This should be improved but it's not straightforward.  Also Wave is the
most complex part of the code, I think.

In the Free Software community we like to "show the code": Kune has
238.000 lines of code, emite, our chat, 110.000 (and Wave has 244.000)
aprox. I'm not counting other minor subprojects I've developed (troco,
that we are currently reimplementing, karma, massmob, etc).

Without design voluntaries (now they are arriving) I also did all the
amateur graphic works of all the projects (styles, logos, icons,
presentations, tutorials, videos, etc). Sorry for that amateur work, but
I did my best 

During that developing process we tried to find some other funds without
success. So I keep developing alone. As kune is so big, this is the
cause of be also so buggy/unfinished: Too much work for only one person
that also have to maintain, almost alone, all the hardware
infrastructure of these initiatives. It's difficult to find voluntaries
to this work because it's not an easy and visible task. Fortunately the
other projects (emite and wave) have more contributors, but, they need
also help. I hope these explanations clarify why kune in not yet so

In the last two years, a foundation (IEPALA) contract me to install and
improve its social network for NGOs in Latin America based in kune [13].
But having funds only for one person, this not improved the situation of
the development process, only my personal economy.

Some of the options I've tried/proposed was to divide my monthly 1200€
wage in two parts so other interested developer could help me. But it
didn't prosper.

Now with the current economic situation in Spain, and without public
funds, IEPALA has a layoff process with 50% of reduction of the wages to
all the employers.

So after so much time developing alone (with the initial and essential
help of Dani Gómez), with small contributions of a pair of new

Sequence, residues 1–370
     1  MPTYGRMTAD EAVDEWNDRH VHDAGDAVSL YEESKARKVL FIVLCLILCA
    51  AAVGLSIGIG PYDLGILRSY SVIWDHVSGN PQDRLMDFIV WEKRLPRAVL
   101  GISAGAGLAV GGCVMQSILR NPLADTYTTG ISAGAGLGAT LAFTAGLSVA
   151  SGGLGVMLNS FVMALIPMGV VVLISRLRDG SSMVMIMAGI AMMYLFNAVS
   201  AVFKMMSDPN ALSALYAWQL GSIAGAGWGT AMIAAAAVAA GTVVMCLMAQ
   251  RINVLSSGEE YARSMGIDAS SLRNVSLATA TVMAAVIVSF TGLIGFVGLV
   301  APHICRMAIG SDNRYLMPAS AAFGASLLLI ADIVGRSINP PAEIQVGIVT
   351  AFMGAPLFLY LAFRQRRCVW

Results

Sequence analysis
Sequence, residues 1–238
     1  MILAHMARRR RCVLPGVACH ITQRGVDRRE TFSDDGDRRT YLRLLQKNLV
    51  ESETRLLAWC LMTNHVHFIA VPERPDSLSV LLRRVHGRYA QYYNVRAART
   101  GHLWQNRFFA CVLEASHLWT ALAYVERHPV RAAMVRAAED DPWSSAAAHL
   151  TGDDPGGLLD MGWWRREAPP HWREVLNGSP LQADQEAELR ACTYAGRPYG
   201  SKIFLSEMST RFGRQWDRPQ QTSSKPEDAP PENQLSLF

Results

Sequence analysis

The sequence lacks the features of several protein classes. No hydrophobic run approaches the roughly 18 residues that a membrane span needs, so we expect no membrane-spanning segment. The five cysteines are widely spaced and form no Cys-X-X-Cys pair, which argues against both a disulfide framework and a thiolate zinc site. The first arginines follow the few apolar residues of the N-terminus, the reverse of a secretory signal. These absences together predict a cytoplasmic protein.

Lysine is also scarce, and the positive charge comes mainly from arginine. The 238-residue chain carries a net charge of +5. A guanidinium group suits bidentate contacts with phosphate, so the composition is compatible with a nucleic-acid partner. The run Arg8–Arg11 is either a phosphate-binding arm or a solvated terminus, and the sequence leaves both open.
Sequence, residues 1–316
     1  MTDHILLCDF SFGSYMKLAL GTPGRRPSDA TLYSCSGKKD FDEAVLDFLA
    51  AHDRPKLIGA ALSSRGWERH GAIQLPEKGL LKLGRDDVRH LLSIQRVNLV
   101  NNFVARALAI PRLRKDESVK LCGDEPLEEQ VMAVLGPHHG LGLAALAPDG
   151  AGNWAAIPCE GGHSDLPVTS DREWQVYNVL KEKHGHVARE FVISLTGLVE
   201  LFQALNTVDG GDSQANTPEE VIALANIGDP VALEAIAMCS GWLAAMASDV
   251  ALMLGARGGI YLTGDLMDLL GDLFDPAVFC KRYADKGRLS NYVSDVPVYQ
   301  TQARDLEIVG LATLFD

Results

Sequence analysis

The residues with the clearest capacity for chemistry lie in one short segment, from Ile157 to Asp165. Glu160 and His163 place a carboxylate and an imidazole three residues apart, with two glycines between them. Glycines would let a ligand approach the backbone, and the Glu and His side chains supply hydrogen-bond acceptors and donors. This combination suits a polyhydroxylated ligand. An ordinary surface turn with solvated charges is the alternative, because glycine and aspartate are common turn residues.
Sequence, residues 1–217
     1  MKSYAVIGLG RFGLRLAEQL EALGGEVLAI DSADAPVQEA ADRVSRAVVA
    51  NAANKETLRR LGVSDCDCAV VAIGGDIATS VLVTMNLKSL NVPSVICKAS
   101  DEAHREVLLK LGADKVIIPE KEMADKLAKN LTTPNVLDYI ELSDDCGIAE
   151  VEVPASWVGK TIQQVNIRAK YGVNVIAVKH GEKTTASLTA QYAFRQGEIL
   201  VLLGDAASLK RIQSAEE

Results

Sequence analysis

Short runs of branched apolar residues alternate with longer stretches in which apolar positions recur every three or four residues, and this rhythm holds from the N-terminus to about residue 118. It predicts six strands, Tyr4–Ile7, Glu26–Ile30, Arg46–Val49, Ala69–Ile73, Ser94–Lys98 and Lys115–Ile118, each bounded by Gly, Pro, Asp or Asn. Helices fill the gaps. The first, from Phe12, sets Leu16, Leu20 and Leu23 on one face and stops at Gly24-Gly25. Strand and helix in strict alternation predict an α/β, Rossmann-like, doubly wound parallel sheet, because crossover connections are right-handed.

developers starting to arrive these later months, and things like this
UE project, I'm happy to see that, finally, seems that our work is
compressible, and can be potentially useful for our society in this
difficult moment. Thanks to Samer with that communication and fund effort.

Personally, I'm also happy to see that I'll receive some help in the
development process. After six years of developing alone (I never did in
my live any similar effort as big as this one) and without a month of
holidays since my Telefónica R&D work at the end of 2006, sincerely, I
need some rest.

This history, during all these years since 2002, was not always easy or
beautiful. Some people and organizations were always there trying to
make business with our common good and not always very honestly, acting
sometimes as a kind of free riders. Fortunately there are some friends
here and there helping honestly since the beginning as my good friend
Jéferson Assumção mentioned above, now Vice-Secretary of Culture of Rio
Grande do Sul. We try to maintain our credits [14] very updated.

If someone is interested in my professional CV, I've just uploaded it
to some public place [15]. It's a little bit outdated, but as we said
before, to talk about me or my work it's something I don't do normally.
For professional references, you can contact the brother of Juan Pavón
(Luis Pavón), my boss in Telefónica R&D, and one of my preferred bosses
in all my professional career. What a coincidence.

As you can understand from the previous description I'm not specially
interested in these funds, only in how this UE project can help to make
kune not a "one developer project", how to make that the money don't
change the voluntary nature of this developing effort, and the main
goal, how to make this common effort really useful for our society.

Finally, after this is official, we'll be great that someone write some
email to [email protected] (a list with the people more involved
nowadays in kune, including Samer and me).

Thanks for the effort with this initiative, and again congrats. Sorry
for my English and for this improvised "big-ego" email. Now I'll return
to the background.

Update (Ago-2013): Some months later, this happened (also affects the same project but with Bauwens and the P2P Foundation as the victims):